There are alot of things that stupid people do, that I prefer you not engage in. Shooting an animal without damn good cause, with or without a badge, should be treated the same.
Q) Please let me know how big of a problem this really is, how often does this occur? Factually, not just another sensationalized event.
The COPS Office understands the importance of dog-related incidents and encounters for the public, law enforcement, and dog owners alike. With the number of dog fatalities by law enforcement on the increase, as well as concerns for officer safety, law enforcement officers must advance beyond automatically using their weapons when encountered by a dog. There are many other ways to ensure public and officer safety through diffusing dog encounters.
Enough neg today, out to play with puppies and get some puppy breath. .99 a shot if anyones interested, a fair price!
by darylehret on 02 May 2012 - 22:32
|I think what I'll develop is a bluetooth for the germanshepherd forum, so you can remain hands free while on duty.|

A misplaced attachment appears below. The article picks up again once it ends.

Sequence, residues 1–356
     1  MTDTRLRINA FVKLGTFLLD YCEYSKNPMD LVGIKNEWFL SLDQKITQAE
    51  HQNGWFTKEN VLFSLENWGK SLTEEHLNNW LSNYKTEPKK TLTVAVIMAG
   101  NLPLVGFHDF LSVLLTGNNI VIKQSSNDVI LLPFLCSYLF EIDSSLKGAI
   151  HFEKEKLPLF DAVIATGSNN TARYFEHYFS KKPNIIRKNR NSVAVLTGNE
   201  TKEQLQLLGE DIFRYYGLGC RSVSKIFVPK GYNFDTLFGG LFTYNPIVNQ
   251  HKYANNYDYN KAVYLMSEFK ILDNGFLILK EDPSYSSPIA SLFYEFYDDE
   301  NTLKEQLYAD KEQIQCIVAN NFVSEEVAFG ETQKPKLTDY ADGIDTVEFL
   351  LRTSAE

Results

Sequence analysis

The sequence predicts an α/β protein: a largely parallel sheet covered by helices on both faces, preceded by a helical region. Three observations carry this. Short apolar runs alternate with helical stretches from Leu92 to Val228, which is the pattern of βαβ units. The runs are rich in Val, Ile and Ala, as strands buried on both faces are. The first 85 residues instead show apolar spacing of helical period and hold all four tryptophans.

by Blitzen on 02 May 2012 - 23:05
I didn't take photos of your kid and I don't have a website, Babyeagle. Best have proof if you say that here again.
by Slamdunc on 02 May 2012 - 23:10
A much better response at least you put thought into it.
Here is how you started this thread:
Although its not the point and all things unproved are not false, thats the argument thats always touted collateral damage & so sad move on. I don't want to move on. Don't kill peoples pets because your an ignoramus and choose to fire first and ask questions later.
Kill peoples pet's when there is no other choice, kill peoples pets when a human life is at risk, kill peoples pets because you made a split second choice and it was wrong choice, but split second.
Please don't kill peoples pet's because your an idiot and your bosses said in the bathroom that it was ok...